My newborn got burned with an IV in the hospital in fountain valley ca. does anyone have a similar story?

4 Answers

  • Racine
    Lv 4
    8 years ago
    Favorite Answer

    An I.V. burn is also known as infiltration, and it produces a nasty chemical burn that can take months to heal and leaves a scar. I was curious about it. I found a similar story of another mom and will include her post, but had not heard of it before. She was very alarmed at the "burn" and began researching and discovered, according to her, that it happens due to negligence on the part of the hospital staff.

    They have a responsibility to monitor IV's in small babies very closely because they have no way of communicating their discomfort. I'd look into it further if I were you, and arm myself with facts. If it is negligence, if you cannot pursue it legally, you can at least write letters and be very vocal. I would be very upset if it happened to my newborn!

    I'm so sorry to hear this happened to your dear baby! As if they don't have enough to deal with, and us, the new parents! I pray your baby's wounds heal quickly. If you have decided to breastfeed, that will help so much, to provide healing factors, live white blood cells from you to boost immunity and prevent infection, provide emotional comfort for both of you, and aid in your own postpartum recovery

    Good luck and best wishes with your precious new baby.

    Source(s): breastfeeding peer counselor mother of 3.
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  • Anonymous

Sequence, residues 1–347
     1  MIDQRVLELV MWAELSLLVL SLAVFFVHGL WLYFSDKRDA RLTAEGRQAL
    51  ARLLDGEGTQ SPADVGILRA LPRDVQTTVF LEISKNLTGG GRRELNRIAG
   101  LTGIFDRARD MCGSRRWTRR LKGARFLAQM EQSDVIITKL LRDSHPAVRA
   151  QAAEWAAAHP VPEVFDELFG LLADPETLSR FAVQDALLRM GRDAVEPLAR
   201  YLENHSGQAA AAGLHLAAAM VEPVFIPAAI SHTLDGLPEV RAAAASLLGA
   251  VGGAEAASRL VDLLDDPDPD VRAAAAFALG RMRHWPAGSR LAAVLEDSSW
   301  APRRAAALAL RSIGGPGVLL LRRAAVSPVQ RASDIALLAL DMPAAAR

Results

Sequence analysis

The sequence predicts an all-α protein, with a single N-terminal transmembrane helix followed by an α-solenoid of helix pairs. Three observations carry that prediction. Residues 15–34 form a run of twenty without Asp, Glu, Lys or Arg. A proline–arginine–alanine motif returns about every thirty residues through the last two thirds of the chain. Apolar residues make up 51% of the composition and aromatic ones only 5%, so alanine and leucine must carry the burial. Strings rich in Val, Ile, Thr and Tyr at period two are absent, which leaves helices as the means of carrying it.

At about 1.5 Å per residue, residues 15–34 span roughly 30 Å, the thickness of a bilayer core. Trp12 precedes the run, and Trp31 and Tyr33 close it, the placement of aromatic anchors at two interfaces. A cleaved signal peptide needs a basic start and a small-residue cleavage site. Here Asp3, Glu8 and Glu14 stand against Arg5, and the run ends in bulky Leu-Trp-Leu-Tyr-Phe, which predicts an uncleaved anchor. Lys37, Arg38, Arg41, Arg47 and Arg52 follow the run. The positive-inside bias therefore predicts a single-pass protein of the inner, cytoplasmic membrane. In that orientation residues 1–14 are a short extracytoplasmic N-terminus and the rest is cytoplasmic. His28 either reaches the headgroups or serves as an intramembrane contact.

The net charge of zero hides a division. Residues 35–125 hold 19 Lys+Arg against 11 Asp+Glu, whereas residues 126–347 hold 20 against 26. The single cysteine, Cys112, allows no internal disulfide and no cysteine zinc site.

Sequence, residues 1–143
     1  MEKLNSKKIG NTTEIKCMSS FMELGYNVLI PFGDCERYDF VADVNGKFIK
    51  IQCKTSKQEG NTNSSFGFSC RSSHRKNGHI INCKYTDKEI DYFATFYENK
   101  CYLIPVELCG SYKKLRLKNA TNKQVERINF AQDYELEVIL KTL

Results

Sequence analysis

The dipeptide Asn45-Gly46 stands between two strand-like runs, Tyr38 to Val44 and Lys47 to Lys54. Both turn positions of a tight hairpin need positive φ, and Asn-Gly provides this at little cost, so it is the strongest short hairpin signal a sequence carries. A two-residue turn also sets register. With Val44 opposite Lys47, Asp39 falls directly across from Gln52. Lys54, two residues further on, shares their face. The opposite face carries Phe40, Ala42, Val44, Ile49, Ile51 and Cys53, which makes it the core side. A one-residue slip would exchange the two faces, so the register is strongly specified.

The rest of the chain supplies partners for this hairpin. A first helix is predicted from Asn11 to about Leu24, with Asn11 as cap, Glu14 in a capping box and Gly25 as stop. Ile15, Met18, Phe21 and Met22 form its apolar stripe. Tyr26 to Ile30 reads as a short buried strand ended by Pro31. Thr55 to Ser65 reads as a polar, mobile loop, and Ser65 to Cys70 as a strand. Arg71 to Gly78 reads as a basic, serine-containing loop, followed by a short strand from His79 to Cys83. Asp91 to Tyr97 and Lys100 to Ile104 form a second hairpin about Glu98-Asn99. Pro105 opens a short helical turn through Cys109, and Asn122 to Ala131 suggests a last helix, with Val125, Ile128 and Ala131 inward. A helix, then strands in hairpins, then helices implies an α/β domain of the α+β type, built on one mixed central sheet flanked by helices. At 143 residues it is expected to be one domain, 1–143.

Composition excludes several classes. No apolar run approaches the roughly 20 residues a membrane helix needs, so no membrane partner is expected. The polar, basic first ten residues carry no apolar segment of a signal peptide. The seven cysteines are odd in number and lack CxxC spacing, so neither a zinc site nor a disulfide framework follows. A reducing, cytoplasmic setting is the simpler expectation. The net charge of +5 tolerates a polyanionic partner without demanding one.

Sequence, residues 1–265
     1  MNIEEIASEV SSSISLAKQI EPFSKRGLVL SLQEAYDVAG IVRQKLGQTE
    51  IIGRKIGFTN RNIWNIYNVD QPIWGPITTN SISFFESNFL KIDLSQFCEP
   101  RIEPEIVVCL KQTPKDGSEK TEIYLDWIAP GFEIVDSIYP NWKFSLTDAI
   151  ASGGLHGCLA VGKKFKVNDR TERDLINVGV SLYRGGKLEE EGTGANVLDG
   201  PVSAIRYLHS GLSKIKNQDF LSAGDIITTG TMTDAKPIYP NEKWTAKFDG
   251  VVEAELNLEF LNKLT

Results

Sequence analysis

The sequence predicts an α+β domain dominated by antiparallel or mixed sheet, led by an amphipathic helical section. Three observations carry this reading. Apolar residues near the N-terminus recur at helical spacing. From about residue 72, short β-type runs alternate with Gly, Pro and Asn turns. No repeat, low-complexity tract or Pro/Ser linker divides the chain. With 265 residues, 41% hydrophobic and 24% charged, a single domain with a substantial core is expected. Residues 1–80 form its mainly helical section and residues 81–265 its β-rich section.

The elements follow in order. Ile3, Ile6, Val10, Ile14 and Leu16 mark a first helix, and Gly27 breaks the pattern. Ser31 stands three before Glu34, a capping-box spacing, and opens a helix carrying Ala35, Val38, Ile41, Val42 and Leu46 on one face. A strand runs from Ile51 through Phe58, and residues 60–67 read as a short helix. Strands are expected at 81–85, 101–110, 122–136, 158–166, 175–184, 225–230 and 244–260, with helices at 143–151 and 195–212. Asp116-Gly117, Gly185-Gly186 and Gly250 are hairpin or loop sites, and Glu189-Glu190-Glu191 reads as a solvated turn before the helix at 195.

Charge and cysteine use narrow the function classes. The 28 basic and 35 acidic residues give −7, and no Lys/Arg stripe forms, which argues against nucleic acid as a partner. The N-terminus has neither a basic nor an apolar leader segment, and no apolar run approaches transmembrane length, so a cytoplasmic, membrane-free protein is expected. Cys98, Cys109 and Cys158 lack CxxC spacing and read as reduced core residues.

8 years ago

    Obviously the "breastfeeding counselor" has a thing or two to learn about IV infiltration. It is NOT ALWAYS caused by negligence of the hospital staff.

    Can you see what is happening on the inside of your veins by looking through your skin? Of course you cannot...neither can the nurses.

    There is a RISK to ANY IV...infiltration is a risk.

    When we start an IV, we flush it with normal saline to see if we see any signs of blanching, bubbling, any sign that the vein has 'blown"...if it hasn't, then we know we have a good access line before we hook up medication.

    The problem is, NOBODY can predict how long the vein will hold out. Some medical conditions will cause some veins to break down more than others and when the infiltration starts, you cannot see it until enough of the medication has leaked around the vein to cause that area to swell...THEN you can see that it has infiltrated.

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  • david
    Lv 6
    8 years ago

    That doesn't make sense. IVs aren't hot. Maybe you'd like to share some more details?

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  • 8 years ago

    I'd like to know how that happened since iv's don't produce heat.

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